Backsliding is so easy that it's a form of human nature, really. When the clothes are still in the same closet, and the question can still be asked, "should we go out to dinner tonight?" you're not separated. You may be playing at separation, but you are not separated at all.

So take a year, and live apart. It will not be an easy year. It will be a year of slow, steady clarification. During this year, you must "cut the cord." The point in all this is to bring about a state of closure, because it's only with closure that you can begin a new life. What you don't want to do, above all else, is fall into one of those states of limbo, a kind of low-wattage depression in which you're paralyzed and can watch entire years drift by in a state of inaction. No, this is a time for action, action, action above all!

Preparing for Divorce

Begin preparing the paperwork for divorce: gather the banking and legal documents, and the various financial instruments testifying to your shared holdings. Make copies and keep them in a safe place. And another thing: don't be shy. You're getting a divorce, not a murder rap. Sometimes -- as in trying to kick cigarettes -- going public with your intentions makes it easier to follow-through. For myself, I'd have taken out an ad in the New York Times if I'd have thought of it.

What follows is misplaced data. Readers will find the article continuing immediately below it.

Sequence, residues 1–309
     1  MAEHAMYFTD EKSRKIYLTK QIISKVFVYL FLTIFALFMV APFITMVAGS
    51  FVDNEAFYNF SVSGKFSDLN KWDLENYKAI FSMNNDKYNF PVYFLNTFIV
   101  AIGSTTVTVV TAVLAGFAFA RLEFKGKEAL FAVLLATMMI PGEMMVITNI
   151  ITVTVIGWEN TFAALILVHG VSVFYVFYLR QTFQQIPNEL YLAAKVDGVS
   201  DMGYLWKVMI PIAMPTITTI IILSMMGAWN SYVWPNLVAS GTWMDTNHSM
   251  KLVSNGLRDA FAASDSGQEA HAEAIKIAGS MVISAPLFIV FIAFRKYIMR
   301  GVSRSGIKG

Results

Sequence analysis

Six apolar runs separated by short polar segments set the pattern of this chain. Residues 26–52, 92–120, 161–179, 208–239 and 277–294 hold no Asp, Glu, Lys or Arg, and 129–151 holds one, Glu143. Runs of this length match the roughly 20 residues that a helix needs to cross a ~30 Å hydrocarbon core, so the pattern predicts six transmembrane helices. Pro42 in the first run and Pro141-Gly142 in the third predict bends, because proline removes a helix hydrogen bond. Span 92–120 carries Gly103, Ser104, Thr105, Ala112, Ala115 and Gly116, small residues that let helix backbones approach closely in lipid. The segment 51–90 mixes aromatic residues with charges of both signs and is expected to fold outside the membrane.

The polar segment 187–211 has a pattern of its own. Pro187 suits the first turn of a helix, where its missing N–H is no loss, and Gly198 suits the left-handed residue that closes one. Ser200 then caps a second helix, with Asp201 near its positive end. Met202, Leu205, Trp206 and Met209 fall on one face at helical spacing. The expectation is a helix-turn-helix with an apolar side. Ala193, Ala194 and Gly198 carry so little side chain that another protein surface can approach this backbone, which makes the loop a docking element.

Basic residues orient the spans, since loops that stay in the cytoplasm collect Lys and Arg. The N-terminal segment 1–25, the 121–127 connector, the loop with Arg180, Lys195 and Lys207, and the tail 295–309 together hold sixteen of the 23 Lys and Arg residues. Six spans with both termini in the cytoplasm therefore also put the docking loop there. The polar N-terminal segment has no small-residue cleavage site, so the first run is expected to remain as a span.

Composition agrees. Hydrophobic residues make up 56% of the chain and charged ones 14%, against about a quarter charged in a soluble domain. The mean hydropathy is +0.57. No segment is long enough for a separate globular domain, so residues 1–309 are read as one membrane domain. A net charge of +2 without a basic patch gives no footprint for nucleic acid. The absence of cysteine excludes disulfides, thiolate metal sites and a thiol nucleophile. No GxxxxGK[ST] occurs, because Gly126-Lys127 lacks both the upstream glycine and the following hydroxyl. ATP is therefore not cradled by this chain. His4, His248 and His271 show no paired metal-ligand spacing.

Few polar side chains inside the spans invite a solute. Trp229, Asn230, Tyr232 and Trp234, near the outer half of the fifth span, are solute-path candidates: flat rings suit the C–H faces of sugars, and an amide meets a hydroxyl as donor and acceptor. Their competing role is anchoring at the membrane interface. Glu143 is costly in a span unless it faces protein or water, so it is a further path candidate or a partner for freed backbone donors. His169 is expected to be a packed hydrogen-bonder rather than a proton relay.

Once you've decided to get a divorce, and have gone public with it, you will discover that divorce is a kind of social truth-test that will reveal to you who your true friends are. Don't be hurt by the fact that divorce polarizes the people around the divorcing couple. Expect it, if anything.

For a variety of reasons, many old friends will stop calling. They may feel jealousy, and they'll also be a bit uncomfortable at the way in which a divorce forces them to take a good hard look at their own marriages. Without intending to, you'll have become a bit of a stirrer-upper. Half the people you know are probably less than happy with their marriage, and so your action acts as an irritant of sorts, and for those people who can't face the truth, well, that's the end of what may have been, for you, a treasured relationship.

Then there's the Great Gulf situation. Often people feel they have to side with one or the other, Him or Her. They make their decision accordingly. In the long run, anyone who would turn on you in such a situation is someone you wouldn't want anything to do with. And remember: a divorce is not a closing-down so much as an opening up. So whatever friends fall by the wayside will be replaced by new people who will better suit your new life.

Yes, in the aftermath of a divorce, there is a void, but that void can also be pleasurable, because an unnatural situation has resolved itself, and there is a sense of new access and new possibility. In my case, there was no sadness. It was the threshold of my new life. The caterpillar had become the butterfly, leaving her cocoon behind. I was sitting at the edge of my own life, waiting to take off, and finally, with a flutter of wings, I did.

This article has been edited and excerpted from Separate Ways: Relationships Divorce & Independence of Mind by Vira Hladun-Goldmann (Sweetpea Press, 2003). Widely known as the woman who won the largest after-trial equitable divorce distribution in American history, she reveals the techniques and methods she used to achieve her goals. Separate Ways explains how to rebuild self-esteem, find the right lawyer, manage your finances, and have a positive divorce. Available at better bookstores, or online at www.separatewaysonline.com.

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By Divorce Magazine| June 13, 2006
Categories:  Coping with Divorce